Once the end destination of the Silk Road, Xi’an was a land-mark Chinese city rich in history, culture and trade. Today it stands as a busy modern city, with many tourists still flocking to see the world famous delights of the Terracotta Army and The Tomb of Emperor Jingdi. If you look a little closer then it’s possible to get a glimpse of the old Xi’an, in the ancient Ming dynasty city walls that still surround the centre, or in the bustling Muslim quarter where street sellers offer exotic tasting foods that contrast greatly to the Asian cuisine. Spend some time wondering the streets to get the best experience of this contrasting city.
Visit the Terracotta Army Of Warriors
A trip to Xi’an just isn’t complete without a visit to China’s most famous attraction, the Terracotta Army. Discovered in the 1970's by local peasants digging for a well, the ancient army lay buried for thousands of years after the Emperor, Qin Shi Huang, had the warriors constructed to guard him from evil in the afterlife. Thousands of life-sized figures of men and horses have been unearthed standing in battle formation in ginormous dug-out pits, that are now on show to the public in huge exhibition halls.
It is advisable to start at the smaller of the 3 pits (pit 3) first and work your way up to the largest pit (pit 1) for the most impressive of the archeological findings. Several of the terracotta men are on show in glass cases, and it is possible to see the workmanship up close. The detail on them is next-level extraordinary, the hair, the tread on the soles of the shoes, the hint of coloured paintwork that once brought them to life. Each face is unique and no two are the same. This is mastery and skill at its best, and the scale of the creation is at times overwhelming.
As with all popular Chinese tourist attractions, the groups of crowds can be quite distracting and a lot of tat is being sold on route to the display halls. It is probably better to visit earlier in the day for a slightly quieter experience, or to head into the halls at lunch time when most of the Chinese are eating. Putting the annoyances aside, this is one of the rarest discoveries of its kind in the world, and is worth the effort of visiting. Make sure you take a trip to the internal museum for a quieter view of one of the warriors up close.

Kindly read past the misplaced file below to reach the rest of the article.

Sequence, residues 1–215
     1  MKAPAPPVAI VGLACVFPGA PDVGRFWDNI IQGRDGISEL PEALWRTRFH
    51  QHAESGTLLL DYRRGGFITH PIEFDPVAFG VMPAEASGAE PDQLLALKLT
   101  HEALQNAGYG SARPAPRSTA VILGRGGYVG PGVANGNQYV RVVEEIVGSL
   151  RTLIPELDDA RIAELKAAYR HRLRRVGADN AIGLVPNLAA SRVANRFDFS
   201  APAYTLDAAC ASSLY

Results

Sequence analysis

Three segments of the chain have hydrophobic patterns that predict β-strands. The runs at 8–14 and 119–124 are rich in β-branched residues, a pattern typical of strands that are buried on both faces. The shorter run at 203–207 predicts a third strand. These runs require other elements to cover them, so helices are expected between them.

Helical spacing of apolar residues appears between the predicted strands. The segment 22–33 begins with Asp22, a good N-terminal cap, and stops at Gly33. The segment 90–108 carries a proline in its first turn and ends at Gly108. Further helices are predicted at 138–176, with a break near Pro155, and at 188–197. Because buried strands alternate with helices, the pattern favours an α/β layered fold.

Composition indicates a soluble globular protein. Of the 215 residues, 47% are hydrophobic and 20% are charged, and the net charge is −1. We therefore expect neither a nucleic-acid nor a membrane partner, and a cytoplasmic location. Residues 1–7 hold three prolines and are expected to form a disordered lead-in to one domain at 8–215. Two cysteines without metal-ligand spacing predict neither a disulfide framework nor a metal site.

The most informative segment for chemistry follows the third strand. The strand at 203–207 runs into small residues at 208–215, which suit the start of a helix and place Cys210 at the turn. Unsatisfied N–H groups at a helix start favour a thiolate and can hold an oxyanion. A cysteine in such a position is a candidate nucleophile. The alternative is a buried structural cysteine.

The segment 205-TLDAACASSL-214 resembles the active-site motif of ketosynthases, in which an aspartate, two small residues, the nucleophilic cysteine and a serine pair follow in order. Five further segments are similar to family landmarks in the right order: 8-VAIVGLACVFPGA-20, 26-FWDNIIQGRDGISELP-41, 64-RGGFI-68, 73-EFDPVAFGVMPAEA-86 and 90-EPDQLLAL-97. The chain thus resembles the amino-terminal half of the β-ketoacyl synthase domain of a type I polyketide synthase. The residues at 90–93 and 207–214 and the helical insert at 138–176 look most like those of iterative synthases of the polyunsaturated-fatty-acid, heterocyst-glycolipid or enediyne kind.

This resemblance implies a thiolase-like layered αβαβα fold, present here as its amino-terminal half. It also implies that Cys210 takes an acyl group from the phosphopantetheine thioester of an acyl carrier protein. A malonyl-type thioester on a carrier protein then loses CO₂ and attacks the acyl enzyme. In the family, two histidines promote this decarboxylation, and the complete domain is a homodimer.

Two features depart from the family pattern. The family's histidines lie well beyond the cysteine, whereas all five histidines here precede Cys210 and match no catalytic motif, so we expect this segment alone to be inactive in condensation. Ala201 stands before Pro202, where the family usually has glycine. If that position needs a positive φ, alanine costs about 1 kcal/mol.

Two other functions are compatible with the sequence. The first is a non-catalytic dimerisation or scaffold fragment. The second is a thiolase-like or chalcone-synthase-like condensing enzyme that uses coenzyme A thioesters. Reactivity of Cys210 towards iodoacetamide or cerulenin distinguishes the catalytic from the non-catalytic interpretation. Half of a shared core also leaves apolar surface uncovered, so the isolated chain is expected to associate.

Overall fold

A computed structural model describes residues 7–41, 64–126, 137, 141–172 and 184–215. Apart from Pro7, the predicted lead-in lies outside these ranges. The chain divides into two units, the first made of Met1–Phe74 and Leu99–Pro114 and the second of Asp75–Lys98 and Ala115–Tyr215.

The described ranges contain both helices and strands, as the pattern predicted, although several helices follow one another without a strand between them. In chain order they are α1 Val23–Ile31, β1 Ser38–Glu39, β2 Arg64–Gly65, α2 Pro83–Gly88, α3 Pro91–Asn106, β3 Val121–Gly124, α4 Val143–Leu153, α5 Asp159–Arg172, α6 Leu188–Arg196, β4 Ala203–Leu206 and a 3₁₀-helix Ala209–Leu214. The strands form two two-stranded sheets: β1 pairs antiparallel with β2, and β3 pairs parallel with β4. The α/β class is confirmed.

Entry is 150 yuan for access to the 3 pits, museum and cinema showing of how the figures would have been casted (this was closed when we visited). The 306 bus will take you there from outside Xi’an main train station and costs 7 yuan for a 1 hour journey. Plan for a half day to visit the site.
Cycle The City Walls
Standing strong since 1370 are the old city walls of Xi’an. Built during the Ming dynasty, the rectangular shaped wall stretches for a lengthy 14km around the oldest part of the city and can be enjoyed all year round by tourists alike. The elevated walkway on the wall makes a welcome break from the hustle and bustle from the city below, and is surprisingly peaceful with lots of space to stretch your legs and view the contrasting skyline; old vs new sitting side by side. It is possible to walk the entire circuit in a leisurely 4 hours, or for a funner experience opt for bike hire, either choosing from single bikes or a tandem. We went for the tandem and had a great time cycling along the cobbled walkway, whizzing past temple-style buildings and up and down speed ramps! For a more magical experience, time your visit just before dusk to see the city by day and night. Entry to the walls is 55 yuan and opening hours are 8am-10pm. Tandem hire is a steep 90 yuan and single bikes are 45 yuan, both for 2 hours of rental. Closest tube stop is YongNing Man station.
Soak Up The Muslim Quarter
One of the most exhilarating things to do in Xi’an is to visit the bustling Muslim quarter. Once the end destination of the Silk Road, Xi’an became a multi-cultural hotpot and a strong Muslim community settled here many centuries ago, sharing their food, culture and religion with the people of China. The area today is a network of busy market lanes and a hub for some of the best food we have ever tasted, a unique mix of Islamic and Chinese cuisines, creating a taste sensation for even the amateur food-lover.
The streets are lined with women in decorative head scarfs selling their bites, rawly contrasted by the hanging carcasses of sheep which make the popular meat skewers. There are hundreds of other interesting street foods to try including a sticky rice cake dipped in syrup, nut and seed brittle (which is being hammered into form right in front of you), slow cooked meat in a bap (which is a bit like the Jewish salt beef bagel), battered squid on a stick, fresh Islamic-style breads, fresh pomegranate juice and even battered banana!